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Concrete Coffee Table Customizes Urban Living
Eric Weil, sculptor and founder of Oso Industries, sent in photos of a custom concrete coffee table he recently created. Weils design studio focuses on new applications of concrete for furniture using designs inspired by urban living.
This concrete coffee table was created for the owner of a penthouse in Manhattan. The client's designer approached Weil with sketches for the table. Weil, who individually hand crafts multifunctional furniture made of concrete, went to work figuring out the technical way to accomplish the task.
The table was made up of four concrete sections. The base, the largest of the sections weighs 250lbs. The entire table weighs about 800-900lbs. Because it was designed in sections, Weil and his crew were able to transport it via the elevator to the penthouse. The table is approximately 5-foot square and 16-inches tall. Each piece pushes up against the other for a seamless look with no brackets or hardware.
To build the table, Weil designed a one-time use mold in which he cast the table upside-down. The mold had to be destroyed to remove the finished pieces. Weil cast the flat base of the table as a stepped platform so the table appears to be floating. Weil says, "The support is tucked in, recessed two-inches in, so the underneath is completely solid."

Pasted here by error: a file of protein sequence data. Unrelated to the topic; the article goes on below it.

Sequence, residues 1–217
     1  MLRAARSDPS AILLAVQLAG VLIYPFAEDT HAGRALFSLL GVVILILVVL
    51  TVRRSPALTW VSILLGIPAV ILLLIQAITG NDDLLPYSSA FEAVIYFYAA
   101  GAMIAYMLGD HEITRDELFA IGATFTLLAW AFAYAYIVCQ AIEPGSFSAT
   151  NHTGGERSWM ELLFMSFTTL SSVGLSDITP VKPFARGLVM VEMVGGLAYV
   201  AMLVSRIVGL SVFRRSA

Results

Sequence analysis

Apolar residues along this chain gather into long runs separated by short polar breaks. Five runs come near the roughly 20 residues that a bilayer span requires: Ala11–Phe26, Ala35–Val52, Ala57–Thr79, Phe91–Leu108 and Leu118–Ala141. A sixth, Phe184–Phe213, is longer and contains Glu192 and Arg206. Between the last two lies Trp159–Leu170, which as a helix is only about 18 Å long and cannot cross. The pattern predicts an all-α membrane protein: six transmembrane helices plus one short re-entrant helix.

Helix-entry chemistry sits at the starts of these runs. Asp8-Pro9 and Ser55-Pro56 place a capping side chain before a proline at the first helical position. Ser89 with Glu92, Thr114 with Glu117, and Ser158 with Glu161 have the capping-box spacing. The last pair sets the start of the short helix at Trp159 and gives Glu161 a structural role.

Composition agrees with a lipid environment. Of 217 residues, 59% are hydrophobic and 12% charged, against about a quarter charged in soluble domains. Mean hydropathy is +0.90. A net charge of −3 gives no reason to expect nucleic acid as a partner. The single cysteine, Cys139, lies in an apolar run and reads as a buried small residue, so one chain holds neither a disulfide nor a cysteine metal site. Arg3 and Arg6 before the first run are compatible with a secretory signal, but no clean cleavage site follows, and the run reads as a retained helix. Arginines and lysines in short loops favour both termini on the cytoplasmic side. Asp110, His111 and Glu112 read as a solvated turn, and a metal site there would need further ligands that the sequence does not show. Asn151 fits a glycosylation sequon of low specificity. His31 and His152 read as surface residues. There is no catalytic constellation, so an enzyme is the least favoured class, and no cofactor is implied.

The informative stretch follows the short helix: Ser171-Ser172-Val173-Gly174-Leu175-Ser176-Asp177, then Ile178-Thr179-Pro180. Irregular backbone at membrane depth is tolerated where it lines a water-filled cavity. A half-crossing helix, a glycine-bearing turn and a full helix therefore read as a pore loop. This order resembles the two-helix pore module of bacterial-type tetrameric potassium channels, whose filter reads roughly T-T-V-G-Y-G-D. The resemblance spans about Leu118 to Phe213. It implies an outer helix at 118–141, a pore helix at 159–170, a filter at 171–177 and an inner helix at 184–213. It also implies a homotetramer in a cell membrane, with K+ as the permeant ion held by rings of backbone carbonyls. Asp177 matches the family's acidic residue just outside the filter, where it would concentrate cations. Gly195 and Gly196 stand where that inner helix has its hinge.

Because the table has open areas in the middle Weil had to handform the concrete in the mold. Because of the open areas, the concrete had to be laid up the sides of the mold by hand because the walls of the table taper inward, so it was difficult to get the concrete to stay.
"The trickiest part," recalls Weil, "was that one section is 5-foot long and open on the long sides. At the widest part of the table, there is a two-foot overhang. I had to get the top to support itself at 1-inch thick." To do this, Weil placed chopped fiberglass into the wet concrete mix, and then embedded welded wire mesh.
The top of the table features a smooth finish that requires one of Weils special techniques. "I applied the concrete in thin layers to build it up," he says. "This allows me to create a smooth, creamy coat for the top so no aggregate shows through."
To achieve the desired color, Weil used titanium white pigment with white cement. "Original white cement dries with a tannish color," says Weil. "To make sure it stayed white, I used the pigment. It brightens the white cement." To complete the look, a clear coat of sealer was applied on top.
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